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Mortgage applicants find humans more reassuring than computers – Habito

by: Martijn Van Der Heijen, chief strategy officer at Habito
  • 14/12/2017
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Mortgage applicants find humans more reassuring than computers – Habito
Despite technological advances and the emergence of robo-advice, there is conflicting data about how much trust people place with a computer.

Only 3% of Britons would be happy to completely trust robo-advisers with handling their mortgage,  a study by ING showed earlier this year.

However, Deloitte found a much higher number – 38% of mortgage customers – not only trust robo-advice but are even willing to pay for it.

Perhaps a more challenging question is: why is this not 100%?

Psychological research shows customers find it easier to entrust “intimate matters” such as finances to a non-judgmental computer.

I think most people, and over time all people, will trust computers to do the admin for mortgages, checking databases, removing repetitive tasks, solving complex product selection queries.

But for the actual decision… it turns out, people find it hard it to trust machines with making important life decisions.

 

Humans more reassuring than machines

What sets humans apart from other animals is our ability to emotionally connect with each other; to show empathy and sympathy with others’ situations.

A human connection is more comforting, more reassuring and more supportive, than a machine.

Of course mortgage brokers have always understood this, and are there for customers to understand, discuss and help in whatever way they could, often face-to-face or over the phone.

And that’s an excellent thing.

What is interesting is that more and more people are moving their needs to emotionally connect with one another, online.

Social media today is much more than just public newsfeeds. It is moving into direct, private and deeply personal communications.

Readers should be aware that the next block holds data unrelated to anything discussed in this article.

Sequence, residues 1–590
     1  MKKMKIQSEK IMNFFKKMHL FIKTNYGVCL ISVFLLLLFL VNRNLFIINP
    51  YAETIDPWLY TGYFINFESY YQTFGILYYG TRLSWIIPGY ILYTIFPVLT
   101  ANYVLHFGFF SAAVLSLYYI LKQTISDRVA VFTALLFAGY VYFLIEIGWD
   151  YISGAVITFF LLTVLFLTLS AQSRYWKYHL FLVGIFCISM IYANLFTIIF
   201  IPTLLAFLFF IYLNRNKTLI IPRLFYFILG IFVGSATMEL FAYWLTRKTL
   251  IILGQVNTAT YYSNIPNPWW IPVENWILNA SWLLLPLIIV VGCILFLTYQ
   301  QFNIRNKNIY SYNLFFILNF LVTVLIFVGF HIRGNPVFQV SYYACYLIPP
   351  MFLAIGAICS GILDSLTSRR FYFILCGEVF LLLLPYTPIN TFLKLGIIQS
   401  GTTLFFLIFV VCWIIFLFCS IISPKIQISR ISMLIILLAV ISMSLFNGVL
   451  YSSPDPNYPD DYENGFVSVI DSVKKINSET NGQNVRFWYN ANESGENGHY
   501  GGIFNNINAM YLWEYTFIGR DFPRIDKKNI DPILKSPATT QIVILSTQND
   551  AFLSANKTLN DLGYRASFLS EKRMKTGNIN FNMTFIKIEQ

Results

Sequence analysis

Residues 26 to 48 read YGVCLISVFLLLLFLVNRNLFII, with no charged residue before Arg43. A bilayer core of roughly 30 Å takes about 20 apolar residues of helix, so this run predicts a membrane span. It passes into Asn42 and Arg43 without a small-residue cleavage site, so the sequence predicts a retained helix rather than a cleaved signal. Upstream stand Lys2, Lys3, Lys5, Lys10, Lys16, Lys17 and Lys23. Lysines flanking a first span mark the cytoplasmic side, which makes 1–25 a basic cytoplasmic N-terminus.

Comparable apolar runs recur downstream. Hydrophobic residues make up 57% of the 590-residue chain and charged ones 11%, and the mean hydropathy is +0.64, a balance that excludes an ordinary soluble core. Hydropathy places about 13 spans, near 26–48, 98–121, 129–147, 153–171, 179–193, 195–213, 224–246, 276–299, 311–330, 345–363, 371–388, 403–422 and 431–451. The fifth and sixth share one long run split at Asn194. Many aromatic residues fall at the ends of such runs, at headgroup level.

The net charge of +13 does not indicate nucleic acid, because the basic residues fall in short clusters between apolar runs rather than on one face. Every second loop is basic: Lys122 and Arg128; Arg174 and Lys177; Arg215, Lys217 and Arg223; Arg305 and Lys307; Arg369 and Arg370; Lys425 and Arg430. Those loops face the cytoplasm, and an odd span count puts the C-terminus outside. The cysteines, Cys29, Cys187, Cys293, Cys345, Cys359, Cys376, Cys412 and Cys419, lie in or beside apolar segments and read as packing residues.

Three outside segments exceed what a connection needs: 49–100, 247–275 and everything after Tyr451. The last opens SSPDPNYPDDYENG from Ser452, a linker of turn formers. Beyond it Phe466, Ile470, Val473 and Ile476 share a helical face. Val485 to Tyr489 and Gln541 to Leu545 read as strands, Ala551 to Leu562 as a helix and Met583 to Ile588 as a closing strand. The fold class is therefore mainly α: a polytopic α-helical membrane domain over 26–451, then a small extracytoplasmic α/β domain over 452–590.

Facebook messenger now has over 1 billion active users every month, and in five years’ time, experts predict that most social media interaction will be invisible.

Known as Dark Social because we can’t see it, the majority of our communications with each other will take place in private chats on whatsapp, facebook and other platforms.

It also won’t be confined to individuals, Facebook founder Mark Zuckerberg last year said “we think you should message a business, just the way you would message a friend.”

He then opened up Messenger to chat based apps from news-services, online retailers and even airlines, which connect you to human experts via his platform to help you make your purchase.

 

Mortgage applicants prefer live chat

This trend towards private message is something we’ve seen through our customers’ use of our live web chat – more than 90% say they prefer using live chat compared to the phone to complete their mortgage application.

It is more convenient, it is done in their own time, they can scroll up and re-read the last conversation and all the information stays in that one message thread.

The message style is informative, helpful and, dare we say it, maybe even like messaging a friend.

Machines can sort the data; matching people to products, but they’ll never be as effective as humans at the personal touch.

This duality is something we explain in Habito’s TV advert and we believe that we’ve found the best combination of humans and machines, to tackle the inefficiencies in the mortgage industry while keeping the conversation.

But how and where that conversation is happening in five years’ time may be very different to today.

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